Sunday, December 8, 2013

Thursday, December 5, 2013

Graduate Students on the JM: Pete Troyan

Pete Troyan is a theorist with a strong interest in matching theory who is also open to experiments. His JM paper, joint with Dan Fragiadakis (about whom I blogged yesterday), is theory paper on matching: Specifically, it deals with two-sided matching problems, where the other side may be objects or agents (such as medical residency positions to medical students, school slots to students, military assignments to military cadets, etc). Their starting point is that often in such assignments, the designer (the school board, the medical association etc) wants to have fulfill certain distributional constraints: for example a minimum number of medical residents in rural areas, or cadets in each branch, or, thinking about diversity, demographic distributions in each school. 

The abstract continues as:
"Standard assignment mechanisms implemented in practice are unable to accommodate all of these constraints. This leads policymakers to resort to ad-hoc solutions that eliminate blocks of seats ex-ante (before agents submit their preferences) to ensure that all constraints are satisfied ex-post. 

We show that these solutions ignore important information contained in the submitted preferences, resulting in avoidable inefficiency. We introduce a new class of dynamic quotas mechanisms that allow the institutional quotas to dynamically adjust to the submitted preferences of the agents. We show how a wide class of mechanisms commonly used in the field can be adapted to our dynamic quotas framework. Focusing in particular on a new dynamic quotas deferred acceptance (DQDA) mechanism, we show that DQDA Pareto dominates current solutions. While it may seem that allowing the quotas to depend on the submitted preferences would compromise the strategyproofness of deferred acceptance, we show that this is not the case: as long as the order in which the quotas are adjusted is determined exogenously to the preferences, DQDA remains strategyproof. Thus, policymakers can be confident that efficiency will be improved without introducing perverse incentives. Simulations with school choice data are used to quantify the potential efficiency gains."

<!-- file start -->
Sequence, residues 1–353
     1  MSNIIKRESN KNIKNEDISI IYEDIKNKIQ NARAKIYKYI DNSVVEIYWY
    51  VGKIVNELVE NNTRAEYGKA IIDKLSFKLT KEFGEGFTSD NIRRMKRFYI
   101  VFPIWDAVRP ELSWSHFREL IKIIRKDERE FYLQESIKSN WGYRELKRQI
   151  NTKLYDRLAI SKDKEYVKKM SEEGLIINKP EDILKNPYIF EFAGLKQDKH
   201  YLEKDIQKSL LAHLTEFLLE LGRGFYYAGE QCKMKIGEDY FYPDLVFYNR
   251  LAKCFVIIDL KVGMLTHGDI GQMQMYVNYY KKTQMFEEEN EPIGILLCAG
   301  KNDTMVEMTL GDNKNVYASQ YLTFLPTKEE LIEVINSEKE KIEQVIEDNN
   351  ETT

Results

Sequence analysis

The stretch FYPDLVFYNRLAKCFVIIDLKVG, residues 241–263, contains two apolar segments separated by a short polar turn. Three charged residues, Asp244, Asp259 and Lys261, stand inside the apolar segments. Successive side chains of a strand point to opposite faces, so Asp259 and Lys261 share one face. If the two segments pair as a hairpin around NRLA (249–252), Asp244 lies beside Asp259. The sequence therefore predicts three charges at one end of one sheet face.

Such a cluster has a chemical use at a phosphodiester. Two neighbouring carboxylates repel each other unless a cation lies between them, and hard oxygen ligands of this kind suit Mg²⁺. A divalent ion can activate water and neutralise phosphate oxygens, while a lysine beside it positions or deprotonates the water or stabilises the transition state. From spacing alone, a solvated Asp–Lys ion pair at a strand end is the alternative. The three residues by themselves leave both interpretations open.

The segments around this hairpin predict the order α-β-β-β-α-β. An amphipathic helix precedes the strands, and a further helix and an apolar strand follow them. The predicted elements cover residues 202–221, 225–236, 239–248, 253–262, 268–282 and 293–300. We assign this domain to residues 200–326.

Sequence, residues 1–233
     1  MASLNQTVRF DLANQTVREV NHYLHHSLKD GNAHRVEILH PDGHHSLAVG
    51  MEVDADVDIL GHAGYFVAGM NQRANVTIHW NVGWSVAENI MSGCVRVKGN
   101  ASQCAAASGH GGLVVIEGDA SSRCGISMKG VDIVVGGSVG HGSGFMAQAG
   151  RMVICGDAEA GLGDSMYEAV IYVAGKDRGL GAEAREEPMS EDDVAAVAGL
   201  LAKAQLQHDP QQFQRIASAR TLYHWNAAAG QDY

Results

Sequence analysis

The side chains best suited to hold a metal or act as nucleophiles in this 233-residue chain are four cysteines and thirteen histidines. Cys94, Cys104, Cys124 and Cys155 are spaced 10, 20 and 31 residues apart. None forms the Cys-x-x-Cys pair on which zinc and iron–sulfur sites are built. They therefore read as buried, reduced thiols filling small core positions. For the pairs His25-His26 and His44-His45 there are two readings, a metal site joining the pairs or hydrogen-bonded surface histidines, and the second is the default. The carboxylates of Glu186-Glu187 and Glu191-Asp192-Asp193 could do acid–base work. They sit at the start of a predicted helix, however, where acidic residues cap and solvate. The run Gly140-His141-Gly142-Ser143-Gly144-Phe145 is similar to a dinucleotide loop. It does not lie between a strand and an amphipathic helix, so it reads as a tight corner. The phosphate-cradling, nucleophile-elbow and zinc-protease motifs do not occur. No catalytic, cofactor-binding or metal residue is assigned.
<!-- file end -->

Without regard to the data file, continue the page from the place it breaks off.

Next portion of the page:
Pete has, next to his JM paper which is an theory paper on matching, three more matching papers, one of which is already published, and one of which is an experiment (the paper that Dan Fragiadakis uses as a JM paper). Pete has also theory work not related to matching. 

Wednesday, December 4, 2013

Graduate Students on the JM: Dan Fragiadakis

Dan Fragiadakis is an experimental economist with a strong background in matching theory. His JM paper, joint with Pete Troyan (about whom I'll blog tomorrow), is an experiment on matching: Specifically, it deals with the issue where objects are allocated to agents without the use of money (such as school slots to students, teaching assignments at TFA to applicants, houses to college students, or trips abroad to MBA's at many business schools). Their main point is that while market designers have in the past promoted strategy-proof mechanisms, in some environments non-strategyproof mechanisms (such as the one employed by Stanford GSB) may yield superior outcomes not only in theory but also in experiments.This suggests that we should reopen the debate, as market designers, on the use of non-strategyproof mechanisms.

Dan has, next to his JM paper which is an experiment on matching, one more experimental paper (joint with me and Dan Knoeplfe, another Stanford grad student), and two theory papers on matching, one of which is the paper that Pete Troyan uses as his JM paper. I'll blog about Pete Troyan tomorrow.